tion was possible, or the exercise of any other act of ownership, tended to decide whether the sale had been absolute or conditional. Carpenter v. Bank, 10 N.-East Rep. (Ill.) 18.
Consideration. — A claim upon a judgment, made in good faith, is a good consideration for a promissory note, even though the judgment is in fact invalid. Brown v. Ladd, 10 N.-East. Rep. (Mass.) 839.
Constitutional Law — Amending Indictment. — Ex parte Bain (7 Supr. Ct. Rep. 781). The petitioner, Bain, was indicted for an offence against the laws of the United States. By order of court the indictment was slightly changed, by striking out what seemed to the court a superfluous clause. The trial proceeded and the prisoner was convicted. The prisoner now applies to this court for a writ of habeas corpus, on the ground that the change in the indictment renders the trial void. The petition was granted on the following grounds: The indictment can only be changed by the grand jury who framed it. If it is changed by order of the court or by the prosecuting attorney, it is no longer the indictment of the grand jury. The constitution of the United States provides that “no person shall be held to answer for a capital or infamous offence, unless on a presentment or indictment of a grand jury.” This provision would be of little use if courts could change the indictment to suit the necessity of the case.
Constitutional Law — “Due Process of Law.” — A judgment in personam against a non-resident of a State is unconstitutional and invalid unless there has been a personal service of the writ within the State, or a voluntary appearance of the defendant. Eliot v. McCormick, 10 N.-East. Rep. (Mass.) 705.
Constitutional Law — Former Jeopardy. — An indictment for an offence against a city ordinance is no bar to an indictment under a State law, though the self-same act constitutes the offence in both cases. Kemper v. Commonwealth, 3 S.-W. Rep. (Ky.) 159. See 4 Cr. L. Mag. 79, for a valuable case on this point, and id. 496 for an article relating to it.
Contract — Parol Evidence. — A receipt “in full of all demands” may, like any receipt, be contradicted by parol evidence that payment was not made as acknowledged; but the statement that the release was to be a discharge in full of all demands cannot be contradicted by parol evidence. Cummings v. Baars, 31 N.-W. Rep. (Minn.) 449.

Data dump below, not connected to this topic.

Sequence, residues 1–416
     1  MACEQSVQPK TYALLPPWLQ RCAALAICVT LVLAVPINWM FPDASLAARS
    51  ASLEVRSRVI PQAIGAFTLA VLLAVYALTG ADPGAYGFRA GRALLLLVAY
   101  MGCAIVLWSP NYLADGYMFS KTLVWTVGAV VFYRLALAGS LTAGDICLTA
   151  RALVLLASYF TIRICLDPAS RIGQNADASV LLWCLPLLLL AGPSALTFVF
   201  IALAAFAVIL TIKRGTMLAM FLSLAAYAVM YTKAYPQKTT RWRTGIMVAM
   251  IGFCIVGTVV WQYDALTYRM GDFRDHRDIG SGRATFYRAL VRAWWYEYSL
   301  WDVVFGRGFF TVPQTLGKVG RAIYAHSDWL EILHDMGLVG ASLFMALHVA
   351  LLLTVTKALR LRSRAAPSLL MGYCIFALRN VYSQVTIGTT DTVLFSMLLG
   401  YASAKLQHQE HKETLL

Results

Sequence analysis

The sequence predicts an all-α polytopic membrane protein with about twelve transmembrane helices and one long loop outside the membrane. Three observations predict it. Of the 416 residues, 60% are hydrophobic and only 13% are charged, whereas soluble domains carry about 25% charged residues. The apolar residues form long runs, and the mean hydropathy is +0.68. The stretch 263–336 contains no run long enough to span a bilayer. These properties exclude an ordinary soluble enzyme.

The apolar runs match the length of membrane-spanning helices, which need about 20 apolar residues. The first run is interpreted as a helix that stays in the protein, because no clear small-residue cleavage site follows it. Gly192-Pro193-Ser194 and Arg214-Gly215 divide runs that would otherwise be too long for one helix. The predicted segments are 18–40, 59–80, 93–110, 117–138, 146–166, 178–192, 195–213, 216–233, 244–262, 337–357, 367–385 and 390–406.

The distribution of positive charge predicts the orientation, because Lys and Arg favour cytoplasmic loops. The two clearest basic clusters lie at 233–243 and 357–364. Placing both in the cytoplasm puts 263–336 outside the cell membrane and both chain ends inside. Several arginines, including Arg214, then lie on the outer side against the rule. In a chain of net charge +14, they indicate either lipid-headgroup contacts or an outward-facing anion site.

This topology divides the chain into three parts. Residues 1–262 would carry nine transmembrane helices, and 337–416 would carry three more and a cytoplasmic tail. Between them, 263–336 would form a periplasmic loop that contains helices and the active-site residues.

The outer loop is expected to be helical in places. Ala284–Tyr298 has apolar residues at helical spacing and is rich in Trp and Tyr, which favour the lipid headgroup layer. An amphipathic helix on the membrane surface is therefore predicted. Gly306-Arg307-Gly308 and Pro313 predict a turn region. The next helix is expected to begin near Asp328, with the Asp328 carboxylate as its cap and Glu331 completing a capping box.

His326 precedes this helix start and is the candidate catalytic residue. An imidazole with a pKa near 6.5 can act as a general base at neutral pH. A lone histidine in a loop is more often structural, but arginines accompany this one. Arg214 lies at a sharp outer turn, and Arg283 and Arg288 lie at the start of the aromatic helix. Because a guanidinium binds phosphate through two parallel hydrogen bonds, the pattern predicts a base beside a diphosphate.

Contract for Benefit of Third Party. — B agreed with C to furnish him such sums of money as might be necessary to pay C’s current expenses; a creditor of C sued B upon this promise. It was held that though a third party for whose direct benefit a contract is made may sue upon it, and though such a person may be only one of a class, as a creditor, yet this principle gives no right to one who, as here, was only indirectly and incidentally to reap the benefit of the promise. Burton v. Larkin, 13 Pac. Rep. (Kas.) 398. See Fisher v. Martin, 25 N. Y. W’kly Dig. 539; and for a collection of cases on this right of the beneficiary, see 24 Cent. L. J. 112.
Contributory Negligence — Passenger in Open Horse Car. — If a passenger, at the invitation or with the consent of the conductor, stands up between the seats of an open horse-car, the seats all being occupied, and is thrown down and injured, in consequence of the rapid driving of the car around a curve, the passenger is not, as a matter of law, guilty of such contributory negligence as will prevent recovery. Lapointe v. Middlesex R. Co., 10 N.-East. Rep. (Mass.) 497.
Corporation — Implied Contract. — Where, in an action for a salary by a professor against the trustees of a college, the plaintiff shows that he has performed the services, expecting to be paid, and that he was advertised as a professor in the college catalogue, the corporation is liable for the value of the services, though the board passed no resolution authorizing his employment. Tyler v. Trustees, 13 Pac. Rep. (Or.) 329. “As against individuals the law implies a promise to pay in such cases, and the implication extends equally against corporations.”
Easement — Notice. — Where for a consideration A agreed with B, owner of adjoining property, in writing not recorded, that A should have the right to use the wall of B’s building, and after A had erected a frame shop against B’s wall, B’s property passed by successive sales into C’s hands, it was held that A could not replace the frame shop by a brick building, using the support of C’s wall without compensation, the existence of the shop not being